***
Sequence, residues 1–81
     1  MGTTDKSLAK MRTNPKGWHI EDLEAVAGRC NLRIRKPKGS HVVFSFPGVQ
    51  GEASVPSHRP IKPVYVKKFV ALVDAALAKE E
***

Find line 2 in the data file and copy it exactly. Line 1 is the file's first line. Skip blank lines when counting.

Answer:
     1  MGTTDKSLAK MRTNPKGWHI EDLEAVAGRC NLRIRKPKGS HVVFSFPGVQ